aware that they have been (and are being) conditioned what to think and, in many
case, not to think at all.|
In most cases, people believe what they believe
because of brainwashing. That's a fact. To verify it, conduct this simple
experiment. Take any belief you have that seems unshakeable (religion is a good
place to go, if you're brave enough) and ask WHY you believe it. Most likely,
it's going to be because you've been told this is true. If you've challenged
this, you've received an explanation. But does the explanation actually make
sense when analyzed logically?
You can apply this process to many areas, including:
- Food myths (e.g., eggs are somehow "bad" for you).
- Exercise myths (don't get me started).
- Fake politics and fake elections (these do not pass the smell test).
- Fake history as taught in schools (challenge it by visiting museums and
reading the source documents such as personal letters that are under glass
and also tapping other sources that have not been compiled).
- Religious texts (read with an open mind, instead of a pre-conditioned
- Stupid processes in the workplace (I saved several companies several
million dollars each by exposing these faulty processes) that are done
because that's "the way we do it here" rather than whether they make sense.
- Whether specific government agencies should be allowed to continue to
exist (we'd be far better off without the DHS, DEA, BATFE, or IRS).
- Whether a particular war is just (hint, you will be very hard-pressed to
find one that is just; these nearly always serve the interests of banksters).
- Technology enslavement fads (e.g., how smart is it, really, to be
controlled by a "smart phone" or waste ten hours a week of your life with
mindless exchanges on Facebook?).
- Poor food choice mania (just because others poison themselves, does this
mean you have to poison yourself to be accepted?).
- Advertising (it's great if an ad informs you, but most ads are meant to
manipulate with lies, distortions, and irrelevancies; the classic woman in a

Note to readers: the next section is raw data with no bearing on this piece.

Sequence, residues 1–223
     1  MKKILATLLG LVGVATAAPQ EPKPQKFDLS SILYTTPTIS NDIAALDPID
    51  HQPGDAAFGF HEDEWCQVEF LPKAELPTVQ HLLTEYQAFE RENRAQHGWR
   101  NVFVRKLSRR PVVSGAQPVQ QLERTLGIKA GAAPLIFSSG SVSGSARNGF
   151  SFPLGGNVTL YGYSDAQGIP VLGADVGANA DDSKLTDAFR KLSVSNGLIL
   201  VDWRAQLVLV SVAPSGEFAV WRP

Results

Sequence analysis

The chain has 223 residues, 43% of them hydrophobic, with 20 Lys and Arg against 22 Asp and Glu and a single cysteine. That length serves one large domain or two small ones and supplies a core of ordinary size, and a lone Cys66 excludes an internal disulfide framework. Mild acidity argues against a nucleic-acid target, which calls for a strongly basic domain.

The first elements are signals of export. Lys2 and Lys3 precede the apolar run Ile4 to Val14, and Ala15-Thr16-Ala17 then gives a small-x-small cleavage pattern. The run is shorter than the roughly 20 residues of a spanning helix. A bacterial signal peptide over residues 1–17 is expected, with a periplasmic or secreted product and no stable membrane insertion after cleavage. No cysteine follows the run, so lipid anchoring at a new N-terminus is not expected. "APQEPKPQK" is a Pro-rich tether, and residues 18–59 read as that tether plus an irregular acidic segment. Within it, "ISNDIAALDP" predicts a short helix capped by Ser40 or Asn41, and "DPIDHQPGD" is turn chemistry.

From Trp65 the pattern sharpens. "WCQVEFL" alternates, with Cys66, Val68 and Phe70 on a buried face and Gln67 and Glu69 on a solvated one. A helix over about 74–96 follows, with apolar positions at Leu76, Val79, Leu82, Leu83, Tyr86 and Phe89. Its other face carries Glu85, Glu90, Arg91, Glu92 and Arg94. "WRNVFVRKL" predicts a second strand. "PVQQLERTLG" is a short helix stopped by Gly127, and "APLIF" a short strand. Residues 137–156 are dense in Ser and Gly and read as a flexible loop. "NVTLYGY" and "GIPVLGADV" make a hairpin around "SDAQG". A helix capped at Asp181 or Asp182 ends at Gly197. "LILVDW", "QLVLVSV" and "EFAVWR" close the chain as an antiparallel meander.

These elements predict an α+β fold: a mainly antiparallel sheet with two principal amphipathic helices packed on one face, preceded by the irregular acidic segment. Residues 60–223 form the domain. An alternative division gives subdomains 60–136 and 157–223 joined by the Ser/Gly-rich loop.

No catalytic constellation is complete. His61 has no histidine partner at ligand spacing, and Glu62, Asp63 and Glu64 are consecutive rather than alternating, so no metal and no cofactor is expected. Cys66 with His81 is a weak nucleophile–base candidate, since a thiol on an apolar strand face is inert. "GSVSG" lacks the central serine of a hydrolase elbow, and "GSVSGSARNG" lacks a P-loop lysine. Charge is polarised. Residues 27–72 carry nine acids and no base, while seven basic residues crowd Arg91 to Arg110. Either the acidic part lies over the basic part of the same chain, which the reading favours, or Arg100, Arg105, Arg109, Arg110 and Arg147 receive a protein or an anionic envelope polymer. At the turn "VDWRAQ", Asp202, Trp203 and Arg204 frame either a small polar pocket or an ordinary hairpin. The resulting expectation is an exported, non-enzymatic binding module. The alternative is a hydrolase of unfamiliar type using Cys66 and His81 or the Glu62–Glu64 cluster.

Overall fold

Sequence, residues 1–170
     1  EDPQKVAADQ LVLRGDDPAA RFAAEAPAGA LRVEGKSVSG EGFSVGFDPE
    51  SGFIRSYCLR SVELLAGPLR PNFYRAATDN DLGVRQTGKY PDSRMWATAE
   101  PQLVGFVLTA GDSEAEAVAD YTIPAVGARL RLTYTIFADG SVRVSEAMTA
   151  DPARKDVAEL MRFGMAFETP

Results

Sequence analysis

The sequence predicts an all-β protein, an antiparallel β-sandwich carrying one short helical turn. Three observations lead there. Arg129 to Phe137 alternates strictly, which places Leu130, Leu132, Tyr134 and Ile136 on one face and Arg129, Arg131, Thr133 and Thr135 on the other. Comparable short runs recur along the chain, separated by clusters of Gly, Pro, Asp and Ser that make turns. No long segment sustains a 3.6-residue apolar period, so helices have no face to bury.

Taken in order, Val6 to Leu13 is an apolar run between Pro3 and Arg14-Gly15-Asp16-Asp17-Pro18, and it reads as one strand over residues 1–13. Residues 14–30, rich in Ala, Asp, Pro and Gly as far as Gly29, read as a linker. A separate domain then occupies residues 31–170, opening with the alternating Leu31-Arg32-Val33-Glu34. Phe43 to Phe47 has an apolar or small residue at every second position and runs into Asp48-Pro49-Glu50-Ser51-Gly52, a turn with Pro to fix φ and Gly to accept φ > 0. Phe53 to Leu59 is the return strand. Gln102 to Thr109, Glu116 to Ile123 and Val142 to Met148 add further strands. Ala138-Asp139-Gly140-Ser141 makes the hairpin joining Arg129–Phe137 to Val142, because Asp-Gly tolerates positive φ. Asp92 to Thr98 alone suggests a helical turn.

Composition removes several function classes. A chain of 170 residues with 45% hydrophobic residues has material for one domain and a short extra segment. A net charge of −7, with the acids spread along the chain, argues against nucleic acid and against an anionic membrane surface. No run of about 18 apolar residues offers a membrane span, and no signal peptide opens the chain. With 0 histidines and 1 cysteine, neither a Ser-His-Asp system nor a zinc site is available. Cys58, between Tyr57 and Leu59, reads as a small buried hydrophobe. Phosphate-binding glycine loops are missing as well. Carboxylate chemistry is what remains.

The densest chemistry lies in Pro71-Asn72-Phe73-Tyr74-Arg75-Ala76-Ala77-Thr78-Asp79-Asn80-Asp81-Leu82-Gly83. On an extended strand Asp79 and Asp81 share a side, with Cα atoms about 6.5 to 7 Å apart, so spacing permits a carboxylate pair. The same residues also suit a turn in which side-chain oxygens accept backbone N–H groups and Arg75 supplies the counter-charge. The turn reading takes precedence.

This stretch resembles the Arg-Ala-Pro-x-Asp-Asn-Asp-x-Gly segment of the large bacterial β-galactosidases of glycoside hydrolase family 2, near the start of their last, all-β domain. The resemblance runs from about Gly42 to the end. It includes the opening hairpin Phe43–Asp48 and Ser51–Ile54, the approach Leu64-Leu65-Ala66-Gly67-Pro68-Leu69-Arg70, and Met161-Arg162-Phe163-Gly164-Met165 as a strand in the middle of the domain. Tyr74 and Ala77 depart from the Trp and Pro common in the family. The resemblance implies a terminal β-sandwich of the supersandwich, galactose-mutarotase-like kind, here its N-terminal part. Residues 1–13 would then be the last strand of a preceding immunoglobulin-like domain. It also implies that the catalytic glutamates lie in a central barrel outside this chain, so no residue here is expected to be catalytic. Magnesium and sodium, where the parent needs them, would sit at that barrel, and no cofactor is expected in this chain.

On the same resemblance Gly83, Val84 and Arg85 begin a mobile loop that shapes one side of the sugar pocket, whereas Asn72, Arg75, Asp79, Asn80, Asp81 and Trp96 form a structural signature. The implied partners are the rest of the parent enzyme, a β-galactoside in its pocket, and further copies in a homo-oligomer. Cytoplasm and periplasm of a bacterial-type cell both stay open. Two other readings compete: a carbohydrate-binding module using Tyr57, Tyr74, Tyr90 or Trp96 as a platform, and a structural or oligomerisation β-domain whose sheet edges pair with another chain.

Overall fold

bikini in a car ad comes to mind).
Some ways brainwashing is inculcated:
- Fear. This is very common in cults. You'll be ostracized and lose all of
your "friends" or, worse, be obliterated for all eternity.
- Reward. Typically, the reward is given, then withdrawn. It's a game of
teasing. When the reward is withdrawn, the victim becomes compliant to get
the reward re-established.
- Lies. This is where the analysis comes in really handy. Most lies are
easily debunked, yet they are generally accepted as true.
- Guilt trips. You do nothing wrong, but the manipulator acts as if you
did. As humans, we don't like being "wrong" so we tend to go along rather
than challenge this particular manipulative behavior. This particular method
is used very widely, and typically goes unchallenged. There are entire
belief systems built solely on this.
This is just a quick summary; many excellent books cover this topic in
Brainwashing is harmful for many reasons, one of which is it puts your own
brainpower on hold. To protect yourself from brainwashing, make a conscious
effort to challenge and examine ideas, suggestions, and beliefs upon which you
act. If you act upon something, that means you made a choice. Often, that choice
is not in your best interests. By challenging the underlying reasons (or
manipulations) for your choices, you can better ensure you make smart ones.
4. Finance tip
Long long ago, in a galaxy far, far away, Google had a decent search engine and